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Alison Mynick, RN, Esq.
Alison Mynick, RN, Esq.
Contributor •

Energy Drinks Bad for Maine's Teenagers?

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Need a caffeine boost to get through the afternoon? If you’re under the age of eighteen and live in Maine, you may soon have a tough time buying that can of Red Bull or Monster Energy. State Representative Troy Jackson has filed legislation that would make it illegal for Maine vendors to sell energy drinks containing 80 or more milligrams of caffeine per 8 fluid ounces to minors. If passed into law, violators would face hefty fines, according to the Portland Press Herald.

Jackson is not standing alone on his side of the fence regarding this issue. Public health advocates and local educators have expressed concerns that there are numerous downsides to the supposedly uplifting thirst quenchers. Some say the drinks contain not only too much caffeine, but too much sugar as well. For example, a 16 oz. can of AMP delivers the equivalent of 14 teaspoons of sugar. The short term effects of that much sugar and caffeine could lead to disruptive behaviors in school, in addition to increased levels of heart rate, blood pressure, anxiety, dehydration, and insomnia. Long term, Maine teenagers face the possibility of increased weight, dental cavities, and a dependency on caffeine. The problems and risks would be greater with increased consumption.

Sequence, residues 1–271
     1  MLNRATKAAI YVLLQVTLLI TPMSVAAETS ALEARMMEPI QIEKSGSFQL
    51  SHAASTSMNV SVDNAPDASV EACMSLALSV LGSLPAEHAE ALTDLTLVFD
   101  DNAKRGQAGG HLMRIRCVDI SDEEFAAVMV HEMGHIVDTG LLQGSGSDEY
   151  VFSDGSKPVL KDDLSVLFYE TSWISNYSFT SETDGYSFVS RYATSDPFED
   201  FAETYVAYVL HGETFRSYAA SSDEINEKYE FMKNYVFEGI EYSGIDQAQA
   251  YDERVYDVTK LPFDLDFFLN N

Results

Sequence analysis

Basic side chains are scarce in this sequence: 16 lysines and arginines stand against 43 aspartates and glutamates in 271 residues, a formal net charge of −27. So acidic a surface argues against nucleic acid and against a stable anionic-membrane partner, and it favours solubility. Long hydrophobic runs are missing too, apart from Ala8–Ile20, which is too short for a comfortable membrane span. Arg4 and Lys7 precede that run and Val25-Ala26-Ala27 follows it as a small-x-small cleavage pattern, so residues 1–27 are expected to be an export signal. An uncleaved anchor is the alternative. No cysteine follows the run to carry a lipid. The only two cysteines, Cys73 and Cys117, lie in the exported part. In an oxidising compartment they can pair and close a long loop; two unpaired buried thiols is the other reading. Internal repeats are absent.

Not surprisingly, beverage industry groups and teenagers don’t know what all the buzz is about. The American Beverage Association contends that the drinks contain about as much caffeine as a cup of coffee and teenagers say they don’t know or care what’s in the stuff.

It may all be a moot point in the end, since many young Mainers find the price tag of these much-ballyhooed beverages beyond the limits of their wallets. Some are finding the perfect solution to the problem…that inexpensive plastic bottle of water.

by Anne M. Fennessey
Briggs & Counsel